California’s failure to mandate dyslexia test is appalling

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Few stories coming out of Sacramento these days still have the capacity to shock Californians who pay attention to state government. The policy fights, the players, the stakes — they blur together. But the EdSource website managed to break through this fog this week with a well-reported account showing California is intentionally not taking remedial steps to help students with dyslexia despite warnings from learning experts that this is an appalling decision that goes against everything that is widely known about the learning disability. Dyslexia hinders the ability to master basics of speech, such as pronunciation and recognizing words and numbers, and impedes the ability to expand vocabulary. About one in five people have it, to some degree.

Last year, the state Senate unanimously approved following in the footsteps of 40 other states and requiring first-graders to be screened for dyslexia. Such screening is crucial to determining if cases are mild, moderate or severe, which governs how schools respond. But the measure died when Patrick O’Donnell, D-Long Beach, chair of the Assembly Education Committee, refused to schedule the bill for a vote. He did so at the request of the California Teachers Association, which says the tests would stigmatize students and not necessarily end up helping them. Dyslexia authorities disagree. So would the many families who have seen their young kids succeed after getting help. The union’s claims are just the latest example of its long history of opposing efforts to evaluate student progress.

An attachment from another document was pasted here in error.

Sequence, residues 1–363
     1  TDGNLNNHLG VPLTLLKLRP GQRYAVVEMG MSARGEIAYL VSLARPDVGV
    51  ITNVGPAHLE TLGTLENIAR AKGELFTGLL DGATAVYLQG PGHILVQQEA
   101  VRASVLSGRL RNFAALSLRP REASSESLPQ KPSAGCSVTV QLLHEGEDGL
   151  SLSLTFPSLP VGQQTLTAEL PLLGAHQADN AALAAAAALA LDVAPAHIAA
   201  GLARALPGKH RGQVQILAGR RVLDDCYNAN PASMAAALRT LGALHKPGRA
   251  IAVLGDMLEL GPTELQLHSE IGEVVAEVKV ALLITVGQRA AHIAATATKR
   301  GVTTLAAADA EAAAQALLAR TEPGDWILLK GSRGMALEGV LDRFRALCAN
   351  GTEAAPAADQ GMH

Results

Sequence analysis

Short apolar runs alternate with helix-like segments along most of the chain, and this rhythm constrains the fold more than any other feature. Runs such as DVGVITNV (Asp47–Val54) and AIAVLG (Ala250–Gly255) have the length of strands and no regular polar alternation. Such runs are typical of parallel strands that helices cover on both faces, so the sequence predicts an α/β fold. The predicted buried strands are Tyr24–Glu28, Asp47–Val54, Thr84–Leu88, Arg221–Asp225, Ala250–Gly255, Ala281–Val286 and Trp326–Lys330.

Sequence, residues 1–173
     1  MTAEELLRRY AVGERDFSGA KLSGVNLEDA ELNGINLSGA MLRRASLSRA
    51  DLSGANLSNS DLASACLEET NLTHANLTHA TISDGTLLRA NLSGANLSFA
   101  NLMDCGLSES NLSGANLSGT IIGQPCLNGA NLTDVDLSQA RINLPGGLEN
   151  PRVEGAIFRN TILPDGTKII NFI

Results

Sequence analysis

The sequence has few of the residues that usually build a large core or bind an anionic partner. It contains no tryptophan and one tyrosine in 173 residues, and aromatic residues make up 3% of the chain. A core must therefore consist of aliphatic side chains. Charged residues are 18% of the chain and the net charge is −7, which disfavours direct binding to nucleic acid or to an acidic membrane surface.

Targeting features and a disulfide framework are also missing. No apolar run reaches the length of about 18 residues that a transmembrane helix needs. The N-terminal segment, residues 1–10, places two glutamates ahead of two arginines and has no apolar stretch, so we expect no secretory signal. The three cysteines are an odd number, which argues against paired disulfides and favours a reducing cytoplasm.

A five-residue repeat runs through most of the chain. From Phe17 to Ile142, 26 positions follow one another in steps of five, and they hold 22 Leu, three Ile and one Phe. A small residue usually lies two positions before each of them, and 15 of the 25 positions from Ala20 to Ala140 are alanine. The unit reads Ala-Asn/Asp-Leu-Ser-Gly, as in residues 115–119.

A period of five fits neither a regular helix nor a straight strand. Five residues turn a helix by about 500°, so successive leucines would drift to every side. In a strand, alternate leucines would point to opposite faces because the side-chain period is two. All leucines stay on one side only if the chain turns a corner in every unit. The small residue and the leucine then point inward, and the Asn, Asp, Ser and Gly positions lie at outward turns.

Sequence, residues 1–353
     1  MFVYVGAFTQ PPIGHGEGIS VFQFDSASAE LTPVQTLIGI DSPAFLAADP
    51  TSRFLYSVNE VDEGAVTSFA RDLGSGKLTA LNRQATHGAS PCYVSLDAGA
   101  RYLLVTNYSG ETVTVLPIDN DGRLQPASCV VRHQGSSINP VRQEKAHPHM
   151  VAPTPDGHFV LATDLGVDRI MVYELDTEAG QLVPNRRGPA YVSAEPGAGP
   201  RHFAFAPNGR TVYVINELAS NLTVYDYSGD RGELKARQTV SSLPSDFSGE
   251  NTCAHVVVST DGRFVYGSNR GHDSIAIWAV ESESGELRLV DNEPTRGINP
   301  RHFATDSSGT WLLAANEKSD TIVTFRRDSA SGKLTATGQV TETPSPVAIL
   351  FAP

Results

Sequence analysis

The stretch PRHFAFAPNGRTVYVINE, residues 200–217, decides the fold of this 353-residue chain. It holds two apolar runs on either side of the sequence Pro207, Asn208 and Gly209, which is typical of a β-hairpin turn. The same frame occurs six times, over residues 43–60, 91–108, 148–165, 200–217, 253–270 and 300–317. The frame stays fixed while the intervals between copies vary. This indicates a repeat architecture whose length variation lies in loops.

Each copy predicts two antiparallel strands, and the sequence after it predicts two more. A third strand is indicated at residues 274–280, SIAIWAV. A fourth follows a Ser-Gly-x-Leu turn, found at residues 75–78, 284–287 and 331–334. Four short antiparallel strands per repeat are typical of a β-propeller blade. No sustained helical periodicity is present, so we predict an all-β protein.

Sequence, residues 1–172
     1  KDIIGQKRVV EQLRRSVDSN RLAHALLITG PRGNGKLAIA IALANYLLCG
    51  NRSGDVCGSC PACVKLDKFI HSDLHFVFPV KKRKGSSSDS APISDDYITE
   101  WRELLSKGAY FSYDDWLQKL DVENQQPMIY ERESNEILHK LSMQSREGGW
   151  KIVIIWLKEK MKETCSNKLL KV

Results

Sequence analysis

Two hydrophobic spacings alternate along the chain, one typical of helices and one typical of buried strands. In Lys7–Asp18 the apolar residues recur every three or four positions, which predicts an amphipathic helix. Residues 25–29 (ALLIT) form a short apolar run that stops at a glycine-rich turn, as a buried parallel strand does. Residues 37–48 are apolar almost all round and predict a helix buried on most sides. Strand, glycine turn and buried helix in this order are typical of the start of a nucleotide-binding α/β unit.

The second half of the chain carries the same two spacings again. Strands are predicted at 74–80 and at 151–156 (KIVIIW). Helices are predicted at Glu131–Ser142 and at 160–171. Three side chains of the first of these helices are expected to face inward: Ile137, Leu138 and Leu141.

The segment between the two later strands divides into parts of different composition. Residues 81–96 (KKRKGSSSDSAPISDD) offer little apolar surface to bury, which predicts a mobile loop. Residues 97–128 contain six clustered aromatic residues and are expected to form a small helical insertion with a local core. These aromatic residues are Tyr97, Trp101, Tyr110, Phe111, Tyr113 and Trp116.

With nearly 60 percent of state third-graders reading below grade level, this is unconscionable. A famous Californian who overcame dyslexia should make this clear. That would be Gov. Gavin Newsom. The state he governs must do right by at-risk kids.

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